When we create products, we normally want to label them, or add some form of information to them. Whether it be for branding, instructing, categorising, identifying, educating, or any other purpose, we need to get information onto our products.
For some products, we design packaging, on which we can go-to-town on, adding information, especially branding. But some products come with their own packaging, or do not require packaging.
Are stickers a necessary evil?
When a farmer produces plums for example, plums come with their own packaging, and it may be the case that the farmer wishes to “brand” his product, because he would like it to be distinguishable from other farmers plums. This is totally understandable. Just as Coca Cola wants to be distinguishable from Pepsi, or any other cola drink, so does the farmer.
Thanks to nature producing her own packaging though, the farmer cannot design the packaging, and hence cannot add the information/branding to the plum….unless he smacks a sticker on it….SMACK!
Whether it’s fruit or any other product, stickers can be a pain. Sure, the farmer, or any other product designer/owner, gets his message across…
But what about the user experience?
Let’s start with the plum. We need to remove the sticker before eating it. But plums are soft, meaning you can’t go hard at the skin or else it will squash or break. So removing the sticker is a pain point for the “user”. It actually takes some dexterity to remove stickers from plums.
What about lemons, ok, we don’t eat the lemon peel, but we do need to cut the lemon open to use it. And where is the sticker normally stuck? Exactly where you want to drive your knife through. If you try to cut it, the sticker pieces can go anywhere. It can get stuck to the knife, it can go into your lemon, you don’t know. That’s a user pain point, lack of control. Hence we normally remove the sticker before cutting (bet you never knew why you removed that sticker, now you do).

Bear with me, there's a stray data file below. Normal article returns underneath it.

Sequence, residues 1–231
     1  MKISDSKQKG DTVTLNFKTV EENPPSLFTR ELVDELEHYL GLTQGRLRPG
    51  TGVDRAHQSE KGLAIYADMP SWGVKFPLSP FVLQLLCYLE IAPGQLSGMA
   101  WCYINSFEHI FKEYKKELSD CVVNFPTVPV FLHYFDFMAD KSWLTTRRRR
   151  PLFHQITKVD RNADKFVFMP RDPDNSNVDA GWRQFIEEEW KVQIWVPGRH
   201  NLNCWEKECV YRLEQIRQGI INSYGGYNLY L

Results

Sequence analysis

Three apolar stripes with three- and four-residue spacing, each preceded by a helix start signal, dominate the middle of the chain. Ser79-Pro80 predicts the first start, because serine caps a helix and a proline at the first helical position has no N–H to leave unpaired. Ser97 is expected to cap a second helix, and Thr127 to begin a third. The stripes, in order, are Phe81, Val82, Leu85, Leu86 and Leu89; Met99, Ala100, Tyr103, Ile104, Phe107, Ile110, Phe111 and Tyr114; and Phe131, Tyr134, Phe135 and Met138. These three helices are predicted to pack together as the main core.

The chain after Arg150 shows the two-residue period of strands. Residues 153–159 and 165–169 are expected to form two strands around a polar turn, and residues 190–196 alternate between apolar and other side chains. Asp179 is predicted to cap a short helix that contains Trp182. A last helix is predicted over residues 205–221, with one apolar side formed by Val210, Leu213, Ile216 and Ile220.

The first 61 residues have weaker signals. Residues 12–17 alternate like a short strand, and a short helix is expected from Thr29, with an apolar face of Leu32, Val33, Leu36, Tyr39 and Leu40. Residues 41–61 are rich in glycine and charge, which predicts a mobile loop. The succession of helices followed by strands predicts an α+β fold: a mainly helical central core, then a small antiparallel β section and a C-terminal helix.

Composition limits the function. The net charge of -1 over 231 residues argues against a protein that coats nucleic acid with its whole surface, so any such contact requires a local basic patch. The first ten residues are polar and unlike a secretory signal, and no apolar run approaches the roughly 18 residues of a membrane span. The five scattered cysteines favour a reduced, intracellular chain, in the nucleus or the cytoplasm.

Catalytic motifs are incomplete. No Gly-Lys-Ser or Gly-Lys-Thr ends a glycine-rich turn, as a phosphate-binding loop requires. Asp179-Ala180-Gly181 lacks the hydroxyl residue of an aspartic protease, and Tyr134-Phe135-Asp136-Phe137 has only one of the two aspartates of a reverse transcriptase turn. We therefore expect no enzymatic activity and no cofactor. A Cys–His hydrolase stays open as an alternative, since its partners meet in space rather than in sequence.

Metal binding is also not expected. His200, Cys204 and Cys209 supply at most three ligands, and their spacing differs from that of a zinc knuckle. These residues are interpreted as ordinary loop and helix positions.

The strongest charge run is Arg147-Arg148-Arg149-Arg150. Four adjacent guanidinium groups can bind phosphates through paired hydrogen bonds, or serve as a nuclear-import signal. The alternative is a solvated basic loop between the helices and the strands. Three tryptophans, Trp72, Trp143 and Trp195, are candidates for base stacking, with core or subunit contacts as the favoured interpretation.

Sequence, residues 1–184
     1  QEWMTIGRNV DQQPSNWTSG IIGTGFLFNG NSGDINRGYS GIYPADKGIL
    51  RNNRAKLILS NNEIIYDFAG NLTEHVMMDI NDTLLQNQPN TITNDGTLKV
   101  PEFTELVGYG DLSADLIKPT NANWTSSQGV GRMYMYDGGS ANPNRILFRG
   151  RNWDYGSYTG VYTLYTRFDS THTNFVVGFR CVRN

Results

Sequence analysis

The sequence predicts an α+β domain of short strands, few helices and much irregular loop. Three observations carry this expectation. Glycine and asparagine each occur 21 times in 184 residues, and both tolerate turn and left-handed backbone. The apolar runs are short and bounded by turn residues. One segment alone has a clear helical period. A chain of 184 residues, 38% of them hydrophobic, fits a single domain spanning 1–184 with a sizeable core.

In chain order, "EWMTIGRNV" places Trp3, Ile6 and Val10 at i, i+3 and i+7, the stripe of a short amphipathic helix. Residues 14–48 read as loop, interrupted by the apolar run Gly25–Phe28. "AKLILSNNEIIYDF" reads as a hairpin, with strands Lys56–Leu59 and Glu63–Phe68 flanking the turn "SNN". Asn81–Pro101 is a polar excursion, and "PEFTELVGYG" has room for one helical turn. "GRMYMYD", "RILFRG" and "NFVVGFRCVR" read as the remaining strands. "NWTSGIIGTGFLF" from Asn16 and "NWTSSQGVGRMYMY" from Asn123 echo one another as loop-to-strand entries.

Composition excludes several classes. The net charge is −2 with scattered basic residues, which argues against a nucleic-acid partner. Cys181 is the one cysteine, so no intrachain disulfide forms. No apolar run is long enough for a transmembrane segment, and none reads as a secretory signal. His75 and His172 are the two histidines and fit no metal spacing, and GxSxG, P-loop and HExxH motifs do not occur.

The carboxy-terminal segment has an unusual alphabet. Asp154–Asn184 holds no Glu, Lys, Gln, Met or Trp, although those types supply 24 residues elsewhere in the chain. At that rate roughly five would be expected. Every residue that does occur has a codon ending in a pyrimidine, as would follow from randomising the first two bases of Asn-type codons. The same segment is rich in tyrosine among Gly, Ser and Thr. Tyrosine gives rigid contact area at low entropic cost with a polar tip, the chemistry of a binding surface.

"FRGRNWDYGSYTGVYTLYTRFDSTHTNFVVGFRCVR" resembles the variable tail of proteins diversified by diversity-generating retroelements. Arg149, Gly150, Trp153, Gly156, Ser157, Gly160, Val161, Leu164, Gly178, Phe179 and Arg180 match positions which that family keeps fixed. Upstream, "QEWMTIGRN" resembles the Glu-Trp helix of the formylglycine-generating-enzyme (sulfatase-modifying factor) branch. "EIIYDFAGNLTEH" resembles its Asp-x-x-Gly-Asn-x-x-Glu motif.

Here is another typical product sticker issue. No thought has gone into how this sticker will be removed. No thought has gone into the full user experience, from start to finish. Did the designer honestly believe we were going to leave the sticker on the product forever? Did somebody say narcissistic?
The difficult to remove sticker is the same issue you have when you buy plates and cups, even the better brands suffer from this bad UX. And speaking of “better” brands, here is Nike, a world class sports design company, if not the best in the world, doing a half-arsed user experience job. They had the time, money, and patience to print the logo on the insole of this sneaker. They even had the time to sow a printed tag. But sneaker materials….
nah, no money for that, whack a sticker on it!
I did attempt to remove the sticker before using the sneakers, but alas it wasn’t easy, so I gave up. Was that the goal? Was that Nike’s intention? I highly doubt it.
So the door is wide open, ready for solutions.
Psst! both Google and Amazon have “free” image learning algorithms.
You could use it to recognise fruit & veg.. hint hint…
Citizenrod | art | design | think